Université d’Eté is a biennial summer school for 18 to 22 year olds to which the Twinning Associations can send a young person.
This year, Izzy Fryer went, jointly sponsored by Verneuil and Shelford and she wrote us the following report.
My amazing two weeks starts at Pierrefonds at the Charles Quentin institute (which is where we stayed). I met twenty-six people from different countries who brought with them their culture and language, and we all had fun fumbling with the foreign words. We were twenty-three teenagers/young adults and three chaperones but five different nationalities: English, French, German, Italian and Irish. The two action-packed weeks had many activities which had two themes: the first week was based on the First World War, The French Front and the second was concentrated on the formation of the European Union. This was broken up by the World Cup and the Germans’ victory party and the French Revolution Bastille Day at midnight.
Our days would always start the same: breakfast was from 6:30 till 8:30, and quite often assembly would be either at eight or nine and the bus would come later on; except the trips to the beach and Paris and Jean Monnet’s house where the bus came at half eight. You were expected to be present in assembly but breakfast wasn’t obligatory, as it really wasn’t that interesting.
Every day we went to a new place and evenings would revolve around singing, dancing and preparing for a Performance held on the 19th which was on the last day.
I really loved the people I met and was really upset when we left; our goodbyes were long and painful.
The first week was very rainy and cold which ruined some of the activities which had been planned: instead of canoeing and kayaking we went to a beautiful church in Beauvais and also saw a tapestry museum that day. We visited lots of memorials and watched a film on young French soldiers who had refused to fight being shot and another film on soldiers celebrating Christmas in the First World War with the Germans and English. That film had us in tears because in the end an English soldier who was filled with revenge (as his brother was dead at the hands of the Germans) was the first one to start killing the day after.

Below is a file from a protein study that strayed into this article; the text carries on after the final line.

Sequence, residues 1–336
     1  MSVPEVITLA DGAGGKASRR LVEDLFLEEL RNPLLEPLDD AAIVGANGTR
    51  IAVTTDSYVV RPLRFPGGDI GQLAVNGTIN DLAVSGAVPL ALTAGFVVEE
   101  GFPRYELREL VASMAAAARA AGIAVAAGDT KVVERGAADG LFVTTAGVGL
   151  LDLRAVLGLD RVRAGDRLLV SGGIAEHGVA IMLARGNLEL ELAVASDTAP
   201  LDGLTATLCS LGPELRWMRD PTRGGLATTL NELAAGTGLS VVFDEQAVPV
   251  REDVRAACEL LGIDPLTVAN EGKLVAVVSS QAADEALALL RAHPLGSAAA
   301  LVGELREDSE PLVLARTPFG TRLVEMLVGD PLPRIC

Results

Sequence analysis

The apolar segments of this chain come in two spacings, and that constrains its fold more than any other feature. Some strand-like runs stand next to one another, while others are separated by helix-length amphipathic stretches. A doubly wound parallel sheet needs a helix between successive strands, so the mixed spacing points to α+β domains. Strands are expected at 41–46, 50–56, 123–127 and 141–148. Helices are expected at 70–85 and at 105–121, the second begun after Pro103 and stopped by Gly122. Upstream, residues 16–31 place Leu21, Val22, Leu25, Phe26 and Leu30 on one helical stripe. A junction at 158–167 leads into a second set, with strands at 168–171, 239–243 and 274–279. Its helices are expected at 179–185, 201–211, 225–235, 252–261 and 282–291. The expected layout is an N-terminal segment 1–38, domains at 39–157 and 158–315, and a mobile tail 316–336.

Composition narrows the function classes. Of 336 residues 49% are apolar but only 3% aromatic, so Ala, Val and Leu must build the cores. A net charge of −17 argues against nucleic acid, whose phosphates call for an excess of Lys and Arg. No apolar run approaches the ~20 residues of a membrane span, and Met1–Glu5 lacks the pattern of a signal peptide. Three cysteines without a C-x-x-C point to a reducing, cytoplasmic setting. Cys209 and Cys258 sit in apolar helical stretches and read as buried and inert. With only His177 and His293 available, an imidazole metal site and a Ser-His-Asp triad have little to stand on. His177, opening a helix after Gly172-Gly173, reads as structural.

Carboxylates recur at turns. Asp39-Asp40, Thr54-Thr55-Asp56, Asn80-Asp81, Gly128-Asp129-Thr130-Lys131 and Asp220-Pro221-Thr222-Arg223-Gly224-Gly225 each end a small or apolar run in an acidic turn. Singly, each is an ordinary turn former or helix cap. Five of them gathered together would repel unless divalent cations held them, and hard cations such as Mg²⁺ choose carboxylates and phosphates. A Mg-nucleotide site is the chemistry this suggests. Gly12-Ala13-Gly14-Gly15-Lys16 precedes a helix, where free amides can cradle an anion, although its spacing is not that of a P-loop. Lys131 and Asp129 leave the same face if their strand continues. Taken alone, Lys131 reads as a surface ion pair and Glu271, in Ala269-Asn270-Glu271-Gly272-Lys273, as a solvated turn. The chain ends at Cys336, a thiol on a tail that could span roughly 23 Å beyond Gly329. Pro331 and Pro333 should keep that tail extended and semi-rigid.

All of our days were dampened by the presence of the rain, but were lightened by the beautiful people around me. The bus trips were fun; we sang (or slept when it was the morning trips). We had many picnics under tents and pavilions, except one which was cooked by fancy chefs and was held outside as the weather held up. That day was amazing!!!! I loved the food and the games!!! We played amazing old-fashioned games: Dutch Billiard, marble games, games, games, games!!!
One night we spent playing a war card game, another day was spent doing graffiti on concrete slabs in Verneuil where there was a graffiti museum done by the prisoners of war. We went to a castle and crockery museum. The castle was absolutely beautiful, inside and out; it was a guided tour which was in French. I suggest to anyone coming that it would be helpful to have a well-rounded understanding of the language as a lot of technical terms were used in all of the explanations.
On the 13th it was the night of the World Cup, meanwhile in the afternoon we had a fun treasure hunt!!!! We went around a town called Rémy and one of the activities was finding the things related to the pictures which had been given to each group. We had been divided into four groups, and although in the end we all did the same activities, we started in different places. There were also lots of quizzes and history questions, including sport challenges (stilt walking, basketball, etc, etc).